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House of Many Ways: 06/07/19

House of Many Ways

House of Many Ways by Diana Wynne Jones is the third book in the Howl's Moving Castle series. Charmain Baker has been sent to housesit for her uncle, who is away recovering from an illness. It should be a simple job except her uncle is a bit dotty and he was the Royal Wizard of Norland.

Charmain also finds herself caring for her uncle's young, oft-confused apprentice, a magical stray dog, and a house that seems to have hallways and doorways into places that no house should possibly be able to go.

Though the set up is different, thematically and emotionally, this book reads like a novelization of the Ghibli Studio's animation of Jones's first book, done four years earlier. Charmain is like Sophie in personality (minus the curse to appear older than she is). The apprentice might as well be Markl. The absent uncle might as well be Howl who is often absent from the moving castle.

The first few scenes are similar too: Charmain appears at the house and sets to cleaning it. She's not as successful as Sophie because she's not magical like Sophie. But she tries. The apprentice storms in and tells her that she's doing things wrong but doesn't necessarily know the right way to do them. Through her attempts to clean she begins to discover the secrets to the house.

Given that Jones wrote the original source material, I can't and won't blame her for wanting to revisit things she explored in Howls Moving Castle (1986). Of the three books in the series, this third one, this re-do if you want to call it that, is my favorite. It's the most fun and the most engaging in terms of character and adventures.

The House of Many Doors also fits into the road narrative spectrum, though as an outlier. Jones was English but her books do sometimes use American road narrative tropes.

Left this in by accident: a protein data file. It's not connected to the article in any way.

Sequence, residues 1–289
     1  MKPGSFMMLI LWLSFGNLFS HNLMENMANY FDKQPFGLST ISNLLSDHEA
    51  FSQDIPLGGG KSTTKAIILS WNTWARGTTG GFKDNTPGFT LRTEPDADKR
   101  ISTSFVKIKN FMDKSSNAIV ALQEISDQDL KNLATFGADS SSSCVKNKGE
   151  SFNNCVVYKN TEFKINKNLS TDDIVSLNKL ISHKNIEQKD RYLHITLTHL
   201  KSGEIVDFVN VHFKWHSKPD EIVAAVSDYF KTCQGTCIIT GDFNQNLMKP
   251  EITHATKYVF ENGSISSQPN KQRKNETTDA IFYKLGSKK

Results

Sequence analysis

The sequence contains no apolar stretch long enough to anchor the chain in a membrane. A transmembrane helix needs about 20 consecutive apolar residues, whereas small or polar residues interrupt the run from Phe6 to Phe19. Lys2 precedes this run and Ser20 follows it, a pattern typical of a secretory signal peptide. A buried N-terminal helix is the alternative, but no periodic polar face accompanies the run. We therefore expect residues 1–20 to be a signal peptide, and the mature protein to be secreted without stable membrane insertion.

Charmain Baker is a marginalized traveler. Though she's traveling alone to the house, she's part of a family. She has family at home and the house belongs to her uncle. Even when she's alone, she doesn't feel separated from her family; she's not an orphan traveler. She is through marginalized by a lack of proper instructions and a lack of knowledge for her uncle's history (66).

The destination might appear to be "home" as it her uncle's house, but it is, in fact, uhoria. The house among other things, has doorways to places in the past. These aren't like the door in Howl's castle that opens to a different fixed location depending on how the dial is set. Instead these are literally built into the house's structure and different passages become available depending on how Charmain (or whomever) turns or looks. As it through these out of time moments that Charmain figures out what is going on and manages to help stop a nefarious plot, the destination is uhoria (CC).

The house with its many doors and many twists and turns and possible dangers is an architectural and uhoric maze disguised as a house. That some of these passageways could also pose a danger to the royal family make them extra dangerous and definitely a maze (CC), not a labyrinth.

Put all together, The House of Many Doors is about a marginalized traveler finding uhoria by way of a maze.

Five stars

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